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Insolvency Exams – Advice and Information

1 – What is an Insolvency Practitioner?

An insolvency practitioner (or an ‘IP’) is an individual who is licensed and authorised to act in relation to the affairs of an insolvent individual, partnership or company.

The definition of insolvency is being ‘unable to pay debts as and when they fall due’ (see here for further information).

What is the function of an IP?

IPs are appointed to sort out difficult situations; where either an individual or a business is insolvent or is likely to become insolvent. Initially, their main task is to attempt to ‘rescue’ the situation.

If it is not possible, the IP aims to:

  • realise the assets of the person or company who is insolvent;
  • collect monies due to the person or company;
  • agree the claims of creditors; and
  • make distributions these monies after paying for the costs involved in realisation.

Where does the work come from?

An IP may be contacted directly by the directors of a struggling business or an individual who is in debt. IPs also carry out work passed over by the government (the Official Receiver). They may also be contacted by a third party – a creditor (who cannot retrieve their money), an accountant (for one of their clients); or an entity or individual who has a financial interest (for example, a bank or an investor). Often the IP will suggest an initial meeting to discuss the facts of the case.

What happens at the first meeting?

The IP will examine and comment upon the financial position of the business or the individual to establish the level of insolvency and circumstances of the case. They will then provide an explanation of the options available and recommend a course of action.

Why must an IP be contacted?

With accountancy skills and knowledge of insolvency law the IP will draw on a broad range of industry experience to provide the best possible advice. They are regulated and therefore authorised to provide the most appropriate advice for a given situation.

The advice offered by the IP will not always lead to a formal insolvency procedure. Insolvency

professionals will always look at practical alternatives to formal procedures. It may be that the costs involved with a formal procedure can be avoided.

Does an IP deal purely with insolvent matters?

Insolvency practitioners possess a broad range of debt restructuring knowledge, practical skills and useful contacts. IPs often act as turnaround professionals or company doctors too. They are often best placed to offer advice to individuals and companies where they may be an impending threat of insolvency in the near future. Such advice helps the individual or company implement vital safety measures just in case of a ‘worst case’ scenario.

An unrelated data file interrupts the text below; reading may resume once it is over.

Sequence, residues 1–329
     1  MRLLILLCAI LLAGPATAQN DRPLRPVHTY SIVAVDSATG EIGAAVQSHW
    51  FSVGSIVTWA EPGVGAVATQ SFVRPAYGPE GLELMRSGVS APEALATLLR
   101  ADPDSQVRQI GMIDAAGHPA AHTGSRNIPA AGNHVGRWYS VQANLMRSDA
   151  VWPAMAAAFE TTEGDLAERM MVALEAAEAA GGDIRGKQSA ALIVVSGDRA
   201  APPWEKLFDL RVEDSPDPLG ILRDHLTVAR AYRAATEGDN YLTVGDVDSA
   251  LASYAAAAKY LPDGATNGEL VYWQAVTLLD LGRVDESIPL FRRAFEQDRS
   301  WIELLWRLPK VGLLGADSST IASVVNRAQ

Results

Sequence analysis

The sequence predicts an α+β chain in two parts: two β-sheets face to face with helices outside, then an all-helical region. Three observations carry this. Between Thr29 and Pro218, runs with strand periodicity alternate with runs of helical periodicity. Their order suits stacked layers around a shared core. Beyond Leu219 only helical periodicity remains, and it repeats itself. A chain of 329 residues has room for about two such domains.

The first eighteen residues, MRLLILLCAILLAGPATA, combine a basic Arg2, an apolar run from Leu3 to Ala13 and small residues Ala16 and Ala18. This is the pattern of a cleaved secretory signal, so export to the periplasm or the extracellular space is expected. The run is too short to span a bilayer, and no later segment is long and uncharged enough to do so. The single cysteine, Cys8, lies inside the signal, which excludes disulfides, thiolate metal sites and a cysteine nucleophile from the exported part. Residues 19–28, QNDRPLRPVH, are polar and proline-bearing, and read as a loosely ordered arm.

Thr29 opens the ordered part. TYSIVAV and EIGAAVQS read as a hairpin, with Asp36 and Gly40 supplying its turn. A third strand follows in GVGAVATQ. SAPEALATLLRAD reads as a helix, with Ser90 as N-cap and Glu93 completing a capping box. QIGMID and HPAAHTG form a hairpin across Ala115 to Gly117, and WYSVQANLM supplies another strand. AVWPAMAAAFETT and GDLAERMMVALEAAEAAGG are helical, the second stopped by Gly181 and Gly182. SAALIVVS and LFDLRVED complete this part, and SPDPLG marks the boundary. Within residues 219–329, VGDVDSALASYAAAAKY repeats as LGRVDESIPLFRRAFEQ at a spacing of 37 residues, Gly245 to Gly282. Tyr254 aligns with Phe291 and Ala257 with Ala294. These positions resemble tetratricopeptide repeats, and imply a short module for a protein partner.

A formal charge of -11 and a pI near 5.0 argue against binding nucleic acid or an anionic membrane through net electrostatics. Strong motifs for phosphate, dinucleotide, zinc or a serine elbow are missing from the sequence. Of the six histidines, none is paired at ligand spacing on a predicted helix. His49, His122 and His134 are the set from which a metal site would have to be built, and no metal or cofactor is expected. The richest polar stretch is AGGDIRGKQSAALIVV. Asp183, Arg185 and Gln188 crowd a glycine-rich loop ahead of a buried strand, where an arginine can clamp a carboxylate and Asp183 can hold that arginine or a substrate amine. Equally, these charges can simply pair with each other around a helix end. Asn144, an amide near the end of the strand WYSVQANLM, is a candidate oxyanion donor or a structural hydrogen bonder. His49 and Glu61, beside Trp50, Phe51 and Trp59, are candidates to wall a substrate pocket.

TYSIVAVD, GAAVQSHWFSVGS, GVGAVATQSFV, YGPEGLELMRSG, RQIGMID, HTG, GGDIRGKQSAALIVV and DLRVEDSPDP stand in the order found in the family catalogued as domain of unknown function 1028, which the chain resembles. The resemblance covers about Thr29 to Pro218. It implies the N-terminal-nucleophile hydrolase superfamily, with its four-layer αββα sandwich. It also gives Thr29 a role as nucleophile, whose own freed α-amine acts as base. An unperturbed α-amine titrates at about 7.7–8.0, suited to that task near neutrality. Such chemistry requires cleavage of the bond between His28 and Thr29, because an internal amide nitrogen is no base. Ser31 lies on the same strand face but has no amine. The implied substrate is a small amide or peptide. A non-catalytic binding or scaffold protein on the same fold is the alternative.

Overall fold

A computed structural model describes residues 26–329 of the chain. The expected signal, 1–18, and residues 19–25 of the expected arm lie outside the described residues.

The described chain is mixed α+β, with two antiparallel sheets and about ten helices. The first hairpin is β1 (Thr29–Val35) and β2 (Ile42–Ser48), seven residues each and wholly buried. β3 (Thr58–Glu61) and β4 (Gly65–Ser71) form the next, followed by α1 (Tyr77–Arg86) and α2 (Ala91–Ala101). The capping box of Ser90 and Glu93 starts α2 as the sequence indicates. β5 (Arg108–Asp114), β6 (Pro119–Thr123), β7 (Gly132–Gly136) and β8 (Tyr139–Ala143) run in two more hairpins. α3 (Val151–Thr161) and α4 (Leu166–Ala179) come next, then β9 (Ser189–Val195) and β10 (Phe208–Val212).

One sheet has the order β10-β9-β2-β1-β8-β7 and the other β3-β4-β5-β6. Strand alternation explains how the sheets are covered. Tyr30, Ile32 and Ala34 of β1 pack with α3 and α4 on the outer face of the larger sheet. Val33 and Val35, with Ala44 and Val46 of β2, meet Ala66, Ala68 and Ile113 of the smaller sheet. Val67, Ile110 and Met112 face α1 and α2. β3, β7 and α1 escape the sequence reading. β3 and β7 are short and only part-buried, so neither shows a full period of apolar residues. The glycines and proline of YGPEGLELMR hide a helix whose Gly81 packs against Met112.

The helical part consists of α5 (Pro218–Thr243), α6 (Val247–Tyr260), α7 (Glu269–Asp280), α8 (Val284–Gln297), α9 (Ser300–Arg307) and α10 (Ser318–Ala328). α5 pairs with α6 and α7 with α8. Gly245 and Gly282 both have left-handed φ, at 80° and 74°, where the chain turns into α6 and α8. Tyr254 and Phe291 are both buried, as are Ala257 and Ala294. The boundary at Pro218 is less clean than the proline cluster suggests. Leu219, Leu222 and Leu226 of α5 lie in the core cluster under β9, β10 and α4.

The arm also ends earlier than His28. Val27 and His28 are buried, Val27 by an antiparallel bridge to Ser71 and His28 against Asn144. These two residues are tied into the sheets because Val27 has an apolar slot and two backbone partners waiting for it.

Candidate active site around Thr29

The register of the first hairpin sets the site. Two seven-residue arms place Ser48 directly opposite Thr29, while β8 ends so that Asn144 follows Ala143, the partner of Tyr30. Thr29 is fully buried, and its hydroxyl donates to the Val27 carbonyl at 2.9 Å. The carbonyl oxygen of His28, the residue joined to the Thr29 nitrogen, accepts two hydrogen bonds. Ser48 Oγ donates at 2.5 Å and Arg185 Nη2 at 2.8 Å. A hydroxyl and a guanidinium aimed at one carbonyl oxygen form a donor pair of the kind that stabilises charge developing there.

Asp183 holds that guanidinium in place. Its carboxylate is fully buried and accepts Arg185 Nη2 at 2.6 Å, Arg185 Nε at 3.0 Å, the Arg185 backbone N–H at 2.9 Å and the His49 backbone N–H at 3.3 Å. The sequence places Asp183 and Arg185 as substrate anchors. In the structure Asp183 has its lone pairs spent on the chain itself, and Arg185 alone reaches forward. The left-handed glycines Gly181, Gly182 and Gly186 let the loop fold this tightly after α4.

Does an IP ever advise solvent clients?

Insolvency practitioners are often called to look at solvent companies, either for restructuring or for solvent winding up. A solvent company might be wound up because, for example, it has reached the end of it’s corporate life, it has fulfilled it’s purpose or the shareholders simply wish to retire.

Is it possible to specialise in one of these areas?

An IP might specialise in personal or corporate insolvency (or solvent restructuring/winding up) although the majority will be able to give valuable practical & legal advice across all fields.

How popular is the insolvency profession?

In terms of the actual number of IPs, the profession is relatively small. There are just over 2,000 IPs throughout the UK.

What is required to act as an insolvency practitioner?

If you want to become a licensed insolvency practitioner you must:

  • be approved as a fit and proper person by the Insolvency Licensing Committee
  • be licensed by one of the Recognised Professional Bodies
  • pass the Joint Insolvency Examination Board’s exams (JIEB exams )

Insolvency law is frequently updated for the purposes of improvement, modernisation and to encompass our advancing technology. There is also a broad range of industries an IP will encounter during his working life. For these reasons, an IP must maintain their professional education, even after qualifying, to the standards required by their governing body. This is to ensure they are suitably equipped with the necessary practical skills, industry knowledge and legal expertise to tackle the most complex of crises in our ever-evolving economy.

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